Government Policy Response to War-Expenditure Shocks
AbstractThe U.S. has experienced three episodes in which public expenditure temporarily increased to very high levels: the Civil War, World War I and World War II. These wars share a set of stylized facts regarding the behavior of tax revenue, government debt, primary deficit, inflation and output. I present a theory of government policy determination, whose primary ingredients are intertemporal distortion-smoothing and limited commitment, that matches these regularities qualitatively and displays empirically plausible quantitative behavior.
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Bibliographic InfoArticle provided by De Gruyter in its journal The B.E. Journal of Macroeconomics.
Volume (Year): 12 (2012)
Issue (Month): 1 (July)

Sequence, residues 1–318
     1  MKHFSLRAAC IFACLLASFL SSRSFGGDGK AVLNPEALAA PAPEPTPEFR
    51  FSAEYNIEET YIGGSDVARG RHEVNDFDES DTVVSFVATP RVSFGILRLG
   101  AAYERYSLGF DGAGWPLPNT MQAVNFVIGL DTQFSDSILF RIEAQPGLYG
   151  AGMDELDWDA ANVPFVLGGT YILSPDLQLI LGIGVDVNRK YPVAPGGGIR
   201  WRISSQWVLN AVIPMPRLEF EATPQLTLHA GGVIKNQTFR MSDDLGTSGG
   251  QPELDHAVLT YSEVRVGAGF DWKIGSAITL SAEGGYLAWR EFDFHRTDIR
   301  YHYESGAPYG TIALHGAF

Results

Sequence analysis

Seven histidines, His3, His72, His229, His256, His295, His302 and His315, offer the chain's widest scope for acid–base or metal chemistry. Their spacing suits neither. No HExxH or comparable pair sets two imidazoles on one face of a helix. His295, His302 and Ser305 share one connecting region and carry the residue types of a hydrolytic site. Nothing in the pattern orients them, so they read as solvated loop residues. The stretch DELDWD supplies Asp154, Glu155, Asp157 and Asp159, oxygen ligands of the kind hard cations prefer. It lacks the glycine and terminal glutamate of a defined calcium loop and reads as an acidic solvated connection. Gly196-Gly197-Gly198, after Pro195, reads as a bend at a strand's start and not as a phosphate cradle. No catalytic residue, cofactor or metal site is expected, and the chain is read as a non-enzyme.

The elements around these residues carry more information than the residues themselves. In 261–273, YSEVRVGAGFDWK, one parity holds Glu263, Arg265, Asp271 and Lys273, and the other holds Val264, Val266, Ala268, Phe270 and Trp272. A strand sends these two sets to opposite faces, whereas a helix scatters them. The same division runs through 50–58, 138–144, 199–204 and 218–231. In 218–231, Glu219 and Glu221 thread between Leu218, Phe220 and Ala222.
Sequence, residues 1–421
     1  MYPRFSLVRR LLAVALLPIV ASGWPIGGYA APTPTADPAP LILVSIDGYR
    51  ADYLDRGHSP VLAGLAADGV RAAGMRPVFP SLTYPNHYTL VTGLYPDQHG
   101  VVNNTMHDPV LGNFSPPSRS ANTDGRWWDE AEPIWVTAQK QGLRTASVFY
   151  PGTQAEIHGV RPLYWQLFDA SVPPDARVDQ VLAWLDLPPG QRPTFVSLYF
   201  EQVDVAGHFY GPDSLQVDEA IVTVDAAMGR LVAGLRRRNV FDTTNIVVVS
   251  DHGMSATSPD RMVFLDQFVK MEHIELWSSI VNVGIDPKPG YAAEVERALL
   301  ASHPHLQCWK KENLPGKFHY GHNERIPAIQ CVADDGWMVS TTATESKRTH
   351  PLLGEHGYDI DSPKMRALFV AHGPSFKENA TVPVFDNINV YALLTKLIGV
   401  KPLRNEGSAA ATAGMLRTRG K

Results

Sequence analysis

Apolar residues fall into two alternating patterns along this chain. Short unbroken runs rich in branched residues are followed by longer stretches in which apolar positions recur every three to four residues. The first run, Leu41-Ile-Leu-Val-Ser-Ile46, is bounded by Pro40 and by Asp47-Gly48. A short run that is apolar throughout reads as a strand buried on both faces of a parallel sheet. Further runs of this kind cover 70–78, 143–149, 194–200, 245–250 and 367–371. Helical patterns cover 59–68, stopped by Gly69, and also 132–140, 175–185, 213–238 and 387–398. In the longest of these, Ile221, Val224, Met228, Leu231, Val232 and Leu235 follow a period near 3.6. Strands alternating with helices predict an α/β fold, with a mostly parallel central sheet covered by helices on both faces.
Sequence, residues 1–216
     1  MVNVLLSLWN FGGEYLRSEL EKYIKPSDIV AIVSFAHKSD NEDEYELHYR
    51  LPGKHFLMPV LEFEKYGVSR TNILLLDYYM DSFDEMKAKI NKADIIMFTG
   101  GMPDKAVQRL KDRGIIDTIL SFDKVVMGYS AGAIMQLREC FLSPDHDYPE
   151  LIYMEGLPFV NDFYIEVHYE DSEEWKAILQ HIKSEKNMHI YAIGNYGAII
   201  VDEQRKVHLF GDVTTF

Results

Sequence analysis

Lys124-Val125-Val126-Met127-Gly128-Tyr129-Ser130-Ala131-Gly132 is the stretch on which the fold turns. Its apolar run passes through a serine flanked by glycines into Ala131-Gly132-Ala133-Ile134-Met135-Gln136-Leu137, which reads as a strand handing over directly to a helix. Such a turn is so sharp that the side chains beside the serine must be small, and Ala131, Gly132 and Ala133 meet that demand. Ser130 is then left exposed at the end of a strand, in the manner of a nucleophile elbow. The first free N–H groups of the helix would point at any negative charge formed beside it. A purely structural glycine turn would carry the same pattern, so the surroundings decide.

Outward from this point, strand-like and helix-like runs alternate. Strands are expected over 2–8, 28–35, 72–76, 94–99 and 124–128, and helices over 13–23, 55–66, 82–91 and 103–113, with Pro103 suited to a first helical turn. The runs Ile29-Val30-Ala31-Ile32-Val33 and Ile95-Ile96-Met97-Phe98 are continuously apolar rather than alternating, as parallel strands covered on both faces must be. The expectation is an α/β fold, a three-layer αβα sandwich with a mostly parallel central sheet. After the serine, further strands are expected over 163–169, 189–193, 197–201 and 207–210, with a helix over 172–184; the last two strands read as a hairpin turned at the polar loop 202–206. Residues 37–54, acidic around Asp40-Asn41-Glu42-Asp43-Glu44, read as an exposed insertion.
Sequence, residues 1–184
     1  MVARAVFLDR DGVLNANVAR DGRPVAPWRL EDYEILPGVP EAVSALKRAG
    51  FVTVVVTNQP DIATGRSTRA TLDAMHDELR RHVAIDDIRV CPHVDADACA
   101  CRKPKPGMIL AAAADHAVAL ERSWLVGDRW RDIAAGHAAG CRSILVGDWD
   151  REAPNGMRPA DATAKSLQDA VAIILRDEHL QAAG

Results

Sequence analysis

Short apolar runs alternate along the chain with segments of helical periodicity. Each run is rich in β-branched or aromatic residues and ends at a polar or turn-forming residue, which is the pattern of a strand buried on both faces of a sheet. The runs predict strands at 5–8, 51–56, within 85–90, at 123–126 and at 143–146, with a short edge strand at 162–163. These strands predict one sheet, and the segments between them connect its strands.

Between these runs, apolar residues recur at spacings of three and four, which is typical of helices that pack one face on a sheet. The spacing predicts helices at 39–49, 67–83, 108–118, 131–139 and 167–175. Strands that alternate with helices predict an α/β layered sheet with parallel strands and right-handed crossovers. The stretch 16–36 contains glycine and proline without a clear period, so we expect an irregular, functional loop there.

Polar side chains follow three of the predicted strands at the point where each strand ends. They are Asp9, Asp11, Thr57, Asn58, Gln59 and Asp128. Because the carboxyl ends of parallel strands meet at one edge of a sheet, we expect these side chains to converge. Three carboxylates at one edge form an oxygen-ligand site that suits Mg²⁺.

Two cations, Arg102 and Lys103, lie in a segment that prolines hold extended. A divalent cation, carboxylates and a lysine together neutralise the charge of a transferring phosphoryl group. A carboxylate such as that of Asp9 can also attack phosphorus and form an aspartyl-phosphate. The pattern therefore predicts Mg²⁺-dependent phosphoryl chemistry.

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Web page: http://www.degruyter.com
Other versions of this item:
- Fernando M. Martin, 2011. "Government policy response to war-expenditure shocks," Working Papers 2011-028, Federal Reserve Bank of St. Louis.
- E13 - Macroeconomics and Monetary Economics - - General Aggregative Models - - - Neoclassical
- E52 - Macroeconomics and Monetary Economics - - Monetary Policy, Central Banking, and the Supply of Money and Credit - - - Monetary Policy
- E62 - Macroeconomics and Monetary Economics - - Macroeconomic Policy, Macroeconomic Aspects of Public Finance, and General Outlook - - - Fiscal Policy
- E63 - Macroeconomics and Monetary Economics - - Macroeconomic Policy, Macroeconomic Aspects of Public Finance, and General Outlook - - - Comparative or Joint Analysis of Fiscal and Monetary Policy; Stabilization; Treasury Policy
- H60 - Public Economics - - National Budget, Deficit, and Debt - - - General
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